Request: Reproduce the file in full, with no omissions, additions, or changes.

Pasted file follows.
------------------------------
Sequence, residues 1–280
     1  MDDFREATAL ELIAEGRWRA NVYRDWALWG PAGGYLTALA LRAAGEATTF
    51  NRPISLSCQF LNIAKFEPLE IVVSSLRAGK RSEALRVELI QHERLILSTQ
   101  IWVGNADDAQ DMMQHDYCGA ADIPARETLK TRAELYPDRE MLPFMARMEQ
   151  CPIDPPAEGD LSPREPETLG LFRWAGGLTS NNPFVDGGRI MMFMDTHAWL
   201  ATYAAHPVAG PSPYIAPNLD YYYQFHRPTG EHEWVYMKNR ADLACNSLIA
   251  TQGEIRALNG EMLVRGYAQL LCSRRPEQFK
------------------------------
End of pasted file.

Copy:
Sequence, residues 1–280
     1  MDDFREATAL ELIAEGRWRA NVYRDWALWG PAGGYLTALA LRAAGEATTF
    51  NRPISLSCQF LNIAKFEPLE IVVSSLRAGK RSEALRVELI QHERLILSTQ
   101  IWVGNADDAQ DMMQHDYCGA ADIPARETLK TRAELYPDRE MLPFMARMEQ
   151  CPIDPPAEGD LSPREPETLG LFRWAGGLTS NNPFVDGGRI MMFMDTHAWL
   201  ATYAAHPVAG PSPYIAPNLD YYYQFHRPTG EHEWVYMKNR ADLACNSLIA
   251  TQGEIRALNG EMLVRGYAQL LCSRRPEQFK